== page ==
My users are only execute the application from time to time, so cache is not an option, I need to improve the load process, maybe using files in other way, or trying to improving routines, but need to test it....

    to @elysa: I dont understand your solution of use a SSD, could you elaborate it, please?

    thanks

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    and the hat of wrongness Salem's Avatar
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    C++まいる!Cをこわせ! Elysia's Avatar
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    There is only one solution that you can use, and that is to cache all the data you need at start. Read in whatever data you need (if it isn't too much) and keep it around until you need it. This is hit and miss, though, depending on many factors.

    Outside of this, there is really nothing you can do. The users of your programs must configure their system to make it faster. They could, for example, open the program slightly after startup just to keep it cached. Or they could upgrade their system to make it faster.

    If you want detailed help on possible optimizations, you have to provide your code.
    Quote Originally Posted by Adak View Post
    io.h certainly IS included in some modern compilers. It is no longer part of the standard for C, but it is nevertheless, included in the very latest Pelles C versions.
    Quote Originally Posted by Salem View Post
    You mean it's included as a crutch to help ancient programmers limp along without them having to relearn too much.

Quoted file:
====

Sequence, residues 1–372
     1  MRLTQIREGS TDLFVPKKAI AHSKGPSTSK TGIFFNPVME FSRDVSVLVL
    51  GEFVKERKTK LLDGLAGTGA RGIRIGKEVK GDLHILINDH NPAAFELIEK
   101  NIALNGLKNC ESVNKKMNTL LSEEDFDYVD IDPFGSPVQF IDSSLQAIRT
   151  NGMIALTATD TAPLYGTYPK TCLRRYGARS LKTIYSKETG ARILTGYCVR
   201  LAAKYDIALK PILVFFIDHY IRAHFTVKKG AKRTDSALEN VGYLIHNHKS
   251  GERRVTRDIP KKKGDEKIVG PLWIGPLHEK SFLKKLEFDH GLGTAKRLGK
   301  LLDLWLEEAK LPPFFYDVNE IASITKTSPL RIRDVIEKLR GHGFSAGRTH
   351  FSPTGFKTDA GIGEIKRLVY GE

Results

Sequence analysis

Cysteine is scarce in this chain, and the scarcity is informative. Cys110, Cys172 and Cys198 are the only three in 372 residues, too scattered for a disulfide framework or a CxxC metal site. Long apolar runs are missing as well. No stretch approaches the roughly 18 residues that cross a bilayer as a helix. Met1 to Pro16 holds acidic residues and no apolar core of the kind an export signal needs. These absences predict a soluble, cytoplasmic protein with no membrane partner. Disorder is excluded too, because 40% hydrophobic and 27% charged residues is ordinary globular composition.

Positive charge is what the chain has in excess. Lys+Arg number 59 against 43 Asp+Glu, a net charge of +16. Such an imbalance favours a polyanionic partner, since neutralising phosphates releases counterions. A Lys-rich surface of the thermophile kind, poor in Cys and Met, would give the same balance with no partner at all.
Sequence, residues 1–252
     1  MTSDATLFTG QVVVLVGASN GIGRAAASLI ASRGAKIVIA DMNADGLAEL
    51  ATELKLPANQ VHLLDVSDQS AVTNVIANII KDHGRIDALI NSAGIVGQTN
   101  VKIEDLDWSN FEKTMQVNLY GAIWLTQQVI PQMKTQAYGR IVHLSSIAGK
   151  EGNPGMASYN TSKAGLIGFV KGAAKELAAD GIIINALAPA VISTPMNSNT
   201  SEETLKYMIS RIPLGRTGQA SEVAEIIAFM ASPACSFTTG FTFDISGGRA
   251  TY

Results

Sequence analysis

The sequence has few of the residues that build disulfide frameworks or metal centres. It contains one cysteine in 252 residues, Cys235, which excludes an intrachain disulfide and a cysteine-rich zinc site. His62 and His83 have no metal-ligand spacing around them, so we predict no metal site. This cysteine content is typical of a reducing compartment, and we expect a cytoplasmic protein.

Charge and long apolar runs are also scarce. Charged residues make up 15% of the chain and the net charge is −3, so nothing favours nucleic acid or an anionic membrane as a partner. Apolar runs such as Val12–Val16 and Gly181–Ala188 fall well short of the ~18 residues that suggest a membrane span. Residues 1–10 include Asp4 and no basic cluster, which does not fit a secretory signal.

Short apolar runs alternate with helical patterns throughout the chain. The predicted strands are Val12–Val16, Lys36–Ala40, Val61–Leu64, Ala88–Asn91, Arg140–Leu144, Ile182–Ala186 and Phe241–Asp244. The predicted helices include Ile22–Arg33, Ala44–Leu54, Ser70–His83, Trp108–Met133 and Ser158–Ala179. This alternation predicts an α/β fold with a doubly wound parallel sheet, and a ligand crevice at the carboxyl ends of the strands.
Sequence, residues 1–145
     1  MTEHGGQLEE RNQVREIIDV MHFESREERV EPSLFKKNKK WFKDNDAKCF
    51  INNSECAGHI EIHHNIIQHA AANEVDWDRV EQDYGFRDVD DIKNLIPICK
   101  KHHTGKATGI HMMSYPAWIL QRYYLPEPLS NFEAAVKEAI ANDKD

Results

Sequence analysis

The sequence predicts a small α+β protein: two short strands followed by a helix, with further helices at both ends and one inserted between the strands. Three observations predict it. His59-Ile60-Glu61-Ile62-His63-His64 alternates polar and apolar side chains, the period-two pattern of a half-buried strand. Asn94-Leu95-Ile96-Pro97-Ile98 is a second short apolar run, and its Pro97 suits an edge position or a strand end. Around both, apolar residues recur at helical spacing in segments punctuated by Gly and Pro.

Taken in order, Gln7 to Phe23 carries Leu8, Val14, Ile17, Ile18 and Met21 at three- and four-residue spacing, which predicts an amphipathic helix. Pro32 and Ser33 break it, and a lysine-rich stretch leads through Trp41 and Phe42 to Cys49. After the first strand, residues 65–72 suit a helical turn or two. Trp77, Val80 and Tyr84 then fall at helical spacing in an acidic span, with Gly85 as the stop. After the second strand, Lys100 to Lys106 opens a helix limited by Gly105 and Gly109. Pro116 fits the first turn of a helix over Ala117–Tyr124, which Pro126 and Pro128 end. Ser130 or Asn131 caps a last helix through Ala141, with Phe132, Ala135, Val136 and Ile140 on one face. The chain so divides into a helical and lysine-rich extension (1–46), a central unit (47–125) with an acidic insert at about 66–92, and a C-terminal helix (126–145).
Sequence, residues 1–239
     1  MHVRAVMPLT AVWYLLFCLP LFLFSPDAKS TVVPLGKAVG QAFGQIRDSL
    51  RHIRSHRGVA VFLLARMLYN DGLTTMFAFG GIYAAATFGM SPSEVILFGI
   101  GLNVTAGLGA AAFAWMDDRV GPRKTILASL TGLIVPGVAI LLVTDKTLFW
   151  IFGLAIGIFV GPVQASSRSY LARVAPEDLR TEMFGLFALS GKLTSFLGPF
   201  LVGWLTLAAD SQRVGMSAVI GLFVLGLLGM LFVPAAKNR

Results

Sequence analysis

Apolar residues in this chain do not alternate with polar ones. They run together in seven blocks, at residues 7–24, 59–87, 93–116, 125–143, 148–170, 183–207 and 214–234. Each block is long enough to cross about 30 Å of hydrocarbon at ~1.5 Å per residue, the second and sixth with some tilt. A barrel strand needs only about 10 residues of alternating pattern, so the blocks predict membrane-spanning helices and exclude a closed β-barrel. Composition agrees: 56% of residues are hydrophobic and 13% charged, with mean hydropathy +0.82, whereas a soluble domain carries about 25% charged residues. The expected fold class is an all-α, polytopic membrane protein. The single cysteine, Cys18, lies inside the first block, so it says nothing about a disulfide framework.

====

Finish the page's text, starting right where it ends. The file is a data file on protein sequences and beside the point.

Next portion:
Outside of your DOS world, your header file is meaningless.

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    I have the same problem, but less severe - more like 5-10 secs for me. I've never really thought about it before.

    You should try to identify what is causing the slowness (almost certainly non cached disk I/O, but loading what?). I just had a quick play with Process Monitor on an application of mine that always starts slowly. I traced a cold slow startup and a couple of quick runs.

    I didn't find anything very surprising -- pretty much all the extra time was used reading uncached data (DLLs and data files) from disk. Subsequent runs accessed the same data but much faster and in much fewer calls to ReadFile (more bytes transferred in each call).

    Seems pretty clearly cache related.

    One approach is to try to get everything loaded ASAP as suggested, perhaps just after system startup time. You could be an evil app writer and have a background process that just sits around reloading your stuff into the cache every now and then. But it sounds like you, like me, have no severe problems once it's been run once. If it's taking time actually loading the program code, you could try having the compiler non critical files for code size rather than speed.

    As well, you should find out if there's anything happening at application start time that could be postponed until later. E.g. if you're reading in loads of files, could you read them on demand? Any DLLs that could be lazily loaded?
    If you can postpone some of the I/O then the slowdown might be gracefully absorbed by the rest of the program.
    (I think Window's Prefetching only monitors executables for 10 seconds after they start though, so this might offset any gain).
    There might not be much you can do as presumably the time is taken before your code even starts running - but worth a look.

    Let us know if you find anything interesting!